ARTISTS IN LOVE, part five
Flagg's autobiography makes fun of the contrast between illustrator Albert Dorne and Dorne's wife. According to Flagg, Dorne's wife was beautiful, petite and elegant while Dorne looked like a brute who might murder you in a dark alley.
It's true that Dorne carried the psychic scars from his childhood in the slums. He had to scratch and claw his way out of Hell's Kitchen not only for himself but for his mother, his two sisters and his younger brother. He worked as a boxer and dealt with terrible situations that, in his own words, left him "hard boiled." Not surprisingly, he became a heavy drinker with a difficult personality. He rapidly went through three marriages.
But somewhere along the way, Dorne began to outrun his demons. He seemed startled to find himself capable of a permanent relationship with his fourth wife. After fifteen years of marriage, he said "I am slowly and definitely being convinced that this is it." This self-portrait from Dorne was found among his wife's personal effects after she died:
In the safety of his marriage, even the "hard boiled" Dorne could be reborn as the nubile nymphette from September morn.
Biologists used to wonder why nature invented such a complicated, impractical process as sex, which requires two parties coming together to perpetuate the species. Compared to the asexual reproduction that worked so well for our single-celled ancestors, sex seems highly inefficient. Two separate organisms must overcome many obstacles to find each other and mate. And that's even before you take into consideration the problems caused by that time you showed up late for dinner.
The answer, biologists tell us, is that the parasites and bacteria all around us evolve more rapidly than we do and would soon learn to evade their hosts' immune systems if we did not rearrange our genes with each new generation. By blending ourselves with another person, we force our natural enemies to begin all over again.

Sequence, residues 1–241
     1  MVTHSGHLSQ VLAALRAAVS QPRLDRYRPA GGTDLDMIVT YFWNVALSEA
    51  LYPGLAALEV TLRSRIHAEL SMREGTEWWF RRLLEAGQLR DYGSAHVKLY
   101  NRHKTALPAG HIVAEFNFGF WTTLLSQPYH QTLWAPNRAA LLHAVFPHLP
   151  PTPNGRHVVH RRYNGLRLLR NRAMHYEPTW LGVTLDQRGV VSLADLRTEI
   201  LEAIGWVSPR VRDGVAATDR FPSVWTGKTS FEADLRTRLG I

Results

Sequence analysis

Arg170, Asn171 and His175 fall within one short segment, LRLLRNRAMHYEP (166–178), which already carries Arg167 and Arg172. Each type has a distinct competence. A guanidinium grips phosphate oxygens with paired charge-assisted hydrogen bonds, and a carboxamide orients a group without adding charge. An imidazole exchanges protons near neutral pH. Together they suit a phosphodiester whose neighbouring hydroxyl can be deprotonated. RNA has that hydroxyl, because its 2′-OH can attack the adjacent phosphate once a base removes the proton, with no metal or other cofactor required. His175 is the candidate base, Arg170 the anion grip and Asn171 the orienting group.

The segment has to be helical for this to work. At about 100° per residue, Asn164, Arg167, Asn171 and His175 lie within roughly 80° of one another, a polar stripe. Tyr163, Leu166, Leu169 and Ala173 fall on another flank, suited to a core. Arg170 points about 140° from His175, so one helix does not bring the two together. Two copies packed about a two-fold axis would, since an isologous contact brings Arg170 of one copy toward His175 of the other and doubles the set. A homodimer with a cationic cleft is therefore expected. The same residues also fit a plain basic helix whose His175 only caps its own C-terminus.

The same observation might be made about relationships in general.
When two individuals combine, they have a chance to fill in blind spots and compensate for weaknesses that might otherwise harden during a solitary existence. It is not easy to "rearrange your genes" with another person (as Dorne's first three marriages demonstrate). However, the process can sometimes normalize thoughts and behavior which, if left to grow in isolation, might overtake us like the parasites and bacteria. As Bernard Malamud wrote, "if a man is not careful his own thoughts can poison him."
In the 33 years of his last marriage, Dorne overcame his childhood traumas. He ended up a nationally prominent illustrator, president of the Society of Illustrators and wealthy beyond his wildest dreams. He was an art collector and philanthropist, founder of the Famous Artists School (and then the Famous Writers and Photographers schools, with more than 50,000 students in 55 countries). He was appointed to the President's Committee for the Employment of the Handicapped and devoted substantial time to nurturing young talent. A well deserved happy ending for a very special and powerful man.